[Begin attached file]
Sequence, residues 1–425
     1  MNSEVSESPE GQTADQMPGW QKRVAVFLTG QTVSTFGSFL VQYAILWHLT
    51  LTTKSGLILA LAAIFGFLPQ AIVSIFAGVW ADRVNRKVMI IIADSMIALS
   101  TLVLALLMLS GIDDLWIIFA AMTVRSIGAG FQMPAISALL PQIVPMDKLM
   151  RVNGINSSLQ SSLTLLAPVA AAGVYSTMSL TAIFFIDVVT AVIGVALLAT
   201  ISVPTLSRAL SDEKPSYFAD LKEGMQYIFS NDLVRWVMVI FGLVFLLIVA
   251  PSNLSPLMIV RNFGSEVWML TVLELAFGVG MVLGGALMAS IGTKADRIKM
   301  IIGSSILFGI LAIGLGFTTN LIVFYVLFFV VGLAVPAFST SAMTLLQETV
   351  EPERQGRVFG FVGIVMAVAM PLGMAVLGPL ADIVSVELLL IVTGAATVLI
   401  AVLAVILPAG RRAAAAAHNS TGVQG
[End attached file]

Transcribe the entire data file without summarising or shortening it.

Sequence, residues 1–425
     1  MNSEVSESPE GQTADQMPGW QKRVAVFLTG QTVSTFGSFL VQYAILWHLT
    51  LTTKSGLILA LAAIFGFLPQ AIVSIFAGVW ADRVNRKVMI IIADSMIALS
   101  TLVLALLMLS GIDDLWIIFA AMTVRSIGAG FQMPAISALL PQIVPMDKLM
   151  RVNGINSSLQ SSLTLLAPVA AAGVYSTMSL TAIFFIDVVT AVIGVALLAT
   201  ISVPTLSRAL SDEKPSYFAD LKEGMQYIFS NDLVRWVMVI FGLVFLLIVA
   251  PSNLSPLMIV RNFGSEVWML TVLELAFGVG MVLGGALMAS IGTKADRIKM
   301  IIGSSILFGI LAIGLGFTTN LIVFYVLFFV VGLAVPAFST SAMTLLQETV
   351  EPERQGRVFG FVGIVMAVAM PLGMAVLGPL ADIVSVELLL IVTGAATVLI
   401  AVLAVILPAG RRAAAAAHNS TGVQG